Lorikeet tongueFortunately, it’s quite simple to incorporate flowers into your birds’ diets.  Many bird-safe flowers are relished by people, and are available in food stores.  In NYC markets, I’ve come across squash, zucchini, rose and daylily flowers (note: not all daylilies are safe for people or birds, so do not pick your own), as well as a number that I did not recognize.  Korean, Chinese and Indian neighborhoods have proven especially rich flower-hunting grounds.

Do not buy edible flowers from garden supply outlets or florists, as these will not have been slated for human consumption and would likely have been exposed to toxic chemicals.

Dried flowers specifically marketed as bird food are also a useful option.  Goldenfeast’s Hibiscus and Chamomile

may be offered to a variety of parrots, finches and softbills.

Growing and Collecting Flowers for Your Birds

If the option is available to you, growing your own edible flowers is a great alternative to shopping.

Harvesting wild flowers is also possible, but you must be confident in your ability to identify the various species and have access to a pesticide-free collecting site.  A field guide will be useful in this regard.

Common, Easy-to-Grow Edible Flowers

The following common flowers are readily accepted by many birds and can easily be grown or, in some cases, purchased at food markets.  Do not buy flowers intended as food anywhere other than at a food market; please see above.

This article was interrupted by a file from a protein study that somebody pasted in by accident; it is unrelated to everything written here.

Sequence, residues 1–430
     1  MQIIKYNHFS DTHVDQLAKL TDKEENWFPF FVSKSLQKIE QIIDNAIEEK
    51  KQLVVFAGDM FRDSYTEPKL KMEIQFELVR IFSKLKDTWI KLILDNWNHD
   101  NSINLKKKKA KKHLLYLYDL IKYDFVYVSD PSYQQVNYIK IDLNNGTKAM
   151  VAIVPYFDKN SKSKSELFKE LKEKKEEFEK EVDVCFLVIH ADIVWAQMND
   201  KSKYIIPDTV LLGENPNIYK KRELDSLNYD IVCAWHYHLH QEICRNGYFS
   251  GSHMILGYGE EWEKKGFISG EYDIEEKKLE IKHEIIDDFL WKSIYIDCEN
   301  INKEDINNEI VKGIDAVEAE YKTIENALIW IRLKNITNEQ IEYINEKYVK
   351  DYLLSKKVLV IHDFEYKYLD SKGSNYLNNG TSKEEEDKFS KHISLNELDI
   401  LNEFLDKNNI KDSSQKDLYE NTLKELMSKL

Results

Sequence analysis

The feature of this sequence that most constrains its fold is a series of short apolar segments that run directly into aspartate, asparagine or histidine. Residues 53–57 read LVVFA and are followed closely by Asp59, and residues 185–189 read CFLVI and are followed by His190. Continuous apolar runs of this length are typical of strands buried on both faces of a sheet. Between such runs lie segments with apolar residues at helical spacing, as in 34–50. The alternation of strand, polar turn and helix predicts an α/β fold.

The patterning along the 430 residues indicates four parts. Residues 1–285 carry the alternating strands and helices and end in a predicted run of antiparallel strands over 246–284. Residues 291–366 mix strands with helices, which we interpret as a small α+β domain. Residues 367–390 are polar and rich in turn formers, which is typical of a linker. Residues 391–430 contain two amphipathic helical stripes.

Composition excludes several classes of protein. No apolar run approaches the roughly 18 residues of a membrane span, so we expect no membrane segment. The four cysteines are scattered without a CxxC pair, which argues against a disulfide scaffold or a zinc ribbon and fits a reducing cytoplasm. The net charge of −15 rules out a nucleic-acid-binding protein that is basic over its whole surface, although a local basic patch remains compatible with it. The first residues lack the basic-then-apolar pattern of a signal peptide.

Daisy                                                   Marigold

LorikeetsDandelion                                           Rose

Carnation                                            Sunflower

Violet                                                  Zucchini Blossoms

Tulip                                                    Squash Blossoms

Elderberry                                           Hibiscus

Impatiens                                            Apple,Plum and Pear Blossoms




Further Reading

Further information on edible and poisonous flowers; written with people in mind but applicable to birds.

Gardening for Pet Birds

Eat Your Roses: a guide to 50+ edible flowers



Lorikeets image referenced from wikipedia and originally posted by Tatiana Gerus

Plain-Throated Sunbird image referenced from wikipedia and originally posted by Ltshears



The Bald Ibis – Working with the Middle East’s Rarest Bird

Bald IbisIn the early 1980’s I had the good fortune to work with the critically endangered Northern Bald Ibis, Geronticus eremita.  Also known as the Waldrapp, the group I cared for at the Bronx Zoo provided a unique opportunity to refine breeding techniques and observe complex social behavior.  Today Bald Ibis are secure in captivity, but their future in the wild remains uncertain. Read More »

Understanding Parrots – “Bad” Pet Behavior may be Perfectly-Normal

MacawsParrots are complicated, social animals, and as such can be very confusing to owners.  What is perceived as “bad” or “destructive” behavior has roots in millions of years of evolution.  Understanding your parrot’s natural history – how it lives in the wild – is key to your pet’s welfare, and a rewarding relationship with it.

Understanding Your Bird’s “Wild Side”

Good parrot care begins with a thorough understanding of parrot natural history.  Parrot ancestors arose 100 million years ago…your own intentions, however well-meaning, will never overpower the instincts that have evolved since then.  This is a very important point to keep in mind – parrots are wild creatures, driven by instinct, and, even after many generations in captivity, are in no sense domesticated (i.e. as are dogs or sheep).  They do have remarkable learning abilities that often enable them to modify their instinctual responses.  However, when considering parrot care and training, it is paramount that their true natures be considered. Read More »

Scroll To Top